The application for road access and camp expansion at a Zinc-mining exploration project northeast of Ross River has been withdrawn by the company that proposed it.
Brandon Macdonald, the CEO and director of Fireweed Zinc Ltd., said it became clear they would not get the class 4 quartz mining license required to reactivate the Nidd Main Road that branches off the North Canol Road. He said he thinks upcoming changes to the Yukon’s legislation around resource roads will lead to a better result on a future application.
The Yukon Environmental and Socio-Economic Assessment Board (YESAB) recommended against Fireweed Zinc’s project in the summer of 2021.
The recommendation would have gone before the Yukon government, Fisheries and Oceans Canada and Transport Canada for a decision, but Fireweed Zinc withdrew its application on April 20.
YESAB had noted concerns about the upgrading of a 13.5-kilometre section of road to accommodate larger vehicles. The road is currently used by snowmobiles and ATVs. The recommendation states there would be significant adverse effects on traditional land use and wildlife in relation to the ease of access for hunters that the road would allow.
Macdonald thinks YESAB’s concerns can be easily addressed if the Yukon Lands Act changes the government pledged to make last fall alter the rules around resource roads. He said regulations allowing the company to designate roads as private, manage access by a gate or other means and deactivate the road when work on the project is complete would address the concerns about the road’s impact.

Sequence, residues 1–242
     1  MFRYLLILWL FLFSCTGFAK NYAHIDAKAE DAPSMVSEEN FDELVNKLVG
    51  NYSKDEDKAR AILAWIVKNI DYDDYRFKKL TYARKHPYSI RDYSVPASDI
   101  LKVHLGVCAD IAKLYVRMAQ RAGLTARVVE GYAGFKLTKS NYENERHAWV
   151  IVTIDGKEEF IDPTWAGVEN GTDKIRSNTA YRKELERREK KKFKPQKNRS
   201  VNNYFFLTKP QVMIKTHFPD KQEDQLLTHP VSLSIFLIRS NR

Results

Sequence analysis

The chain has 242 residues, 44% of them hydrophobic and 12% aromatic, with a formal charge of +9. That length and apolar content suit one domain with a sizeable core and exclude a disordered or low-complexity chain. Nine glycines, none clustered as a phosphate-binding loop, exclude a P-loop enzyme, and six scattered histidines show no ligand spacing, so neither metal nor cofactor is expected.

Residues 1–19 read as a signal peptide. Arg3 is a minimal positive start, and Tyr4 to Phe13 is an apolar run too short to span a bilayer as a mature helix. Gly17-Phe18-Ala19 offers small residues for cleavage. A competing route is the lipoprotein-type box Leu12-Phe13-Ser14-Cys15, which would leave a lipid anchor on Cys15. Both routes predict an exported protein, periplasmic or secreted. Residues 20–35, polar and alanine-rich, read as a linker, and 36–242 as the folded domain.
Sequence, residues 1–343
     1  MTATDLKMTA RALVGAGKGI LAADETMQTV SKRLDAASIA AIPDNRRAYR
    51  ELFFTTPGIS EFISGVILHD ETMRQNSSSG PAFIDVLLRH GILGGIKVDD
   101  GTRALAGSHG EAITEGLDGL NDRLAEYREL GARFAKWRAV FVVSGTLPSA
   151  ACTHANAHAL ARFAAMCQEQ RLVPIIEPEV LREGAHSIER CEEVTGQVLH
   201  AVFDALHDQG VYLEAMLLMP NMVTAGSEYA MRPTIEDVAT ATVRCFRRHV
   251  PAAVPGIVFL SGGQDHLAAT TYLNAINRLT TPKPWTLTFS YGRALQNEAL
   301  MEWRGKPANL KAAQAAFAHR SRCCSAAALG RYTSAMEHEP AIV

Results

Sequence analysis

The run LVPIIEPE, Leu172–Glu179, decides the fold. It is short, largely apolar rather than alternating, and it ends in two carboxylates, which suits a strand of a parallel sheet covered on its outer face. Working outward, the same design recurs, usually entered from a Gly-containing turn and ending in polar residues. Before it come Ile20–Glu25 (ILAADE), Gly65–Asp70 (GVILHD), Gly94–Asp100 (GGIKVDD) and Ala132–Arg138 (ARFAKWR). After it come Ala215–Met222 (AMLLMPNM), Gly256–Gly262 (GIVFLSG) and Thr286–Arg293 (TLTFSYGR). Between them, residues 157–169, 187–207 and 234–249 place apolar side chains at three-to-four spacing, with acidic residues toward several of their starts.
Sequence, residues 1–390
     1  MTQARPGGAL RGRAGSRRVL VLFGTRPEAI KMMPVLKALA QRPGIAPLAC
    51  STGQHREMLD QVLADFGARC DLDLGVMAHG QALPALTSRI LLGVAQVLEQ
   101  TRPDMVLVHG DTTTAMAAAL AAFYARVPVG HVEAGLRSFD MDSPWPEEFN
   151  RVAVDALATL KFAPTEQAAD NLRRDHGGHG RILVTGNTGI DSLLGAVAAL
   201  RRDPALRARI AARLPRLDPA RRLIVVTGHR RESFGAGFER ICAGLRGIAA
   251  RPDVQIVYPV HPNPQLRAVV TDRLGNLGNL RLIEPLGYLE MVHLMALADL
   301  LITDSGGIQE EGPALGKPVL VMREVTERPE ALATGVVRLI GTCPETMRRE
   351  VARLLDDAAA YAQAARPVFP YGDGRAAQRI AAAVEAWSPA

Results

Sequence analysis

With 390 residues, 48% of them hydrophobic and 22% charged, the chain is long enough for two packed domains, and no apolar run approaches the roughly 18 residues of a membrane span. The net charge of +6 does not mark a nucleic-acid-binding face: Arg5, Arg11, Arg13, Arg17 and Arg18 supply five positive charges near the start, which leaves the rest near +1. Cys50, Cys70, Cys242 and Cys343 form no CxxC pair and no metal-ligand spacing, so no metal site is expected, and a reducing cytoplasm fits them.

During an April 13 session in the Yukon Legislature, Yukon Party MLA Scott Kent asked for an update on the drafting of new road regulations after the lands actchanges were made in the fall. He added that he heard from mining companies at a resource industry conference about the delays caused by uncertainty around the new regulations for roads.
Minister of Energy, Mines and Resources John Streicker replied that he could not immediately provide a firm date that the regulations would be drafted by but said work on them is ongoing.
“I agree that there is interest in the resource roads regulation. That is why we brought the amendment to the legislation this past fall. That’s why we’ve been keeping it as a priority,” he said.
Macdonald said his company will probably launch another application for the road project once the new regulations are in place.
In the meantime Macdonald said that although the class 4 mining license won’t be going forward, the class 1 license that Fireweed Zinc has will allow the company to complete the exploration work they had planned for this summer and a class 3 license with the application in progress will allow them to leave drill pads in place on the exploration project through next winter.
-With files from Haley Ritchie
Contact Jim Elliot at firstname.lastname@example.org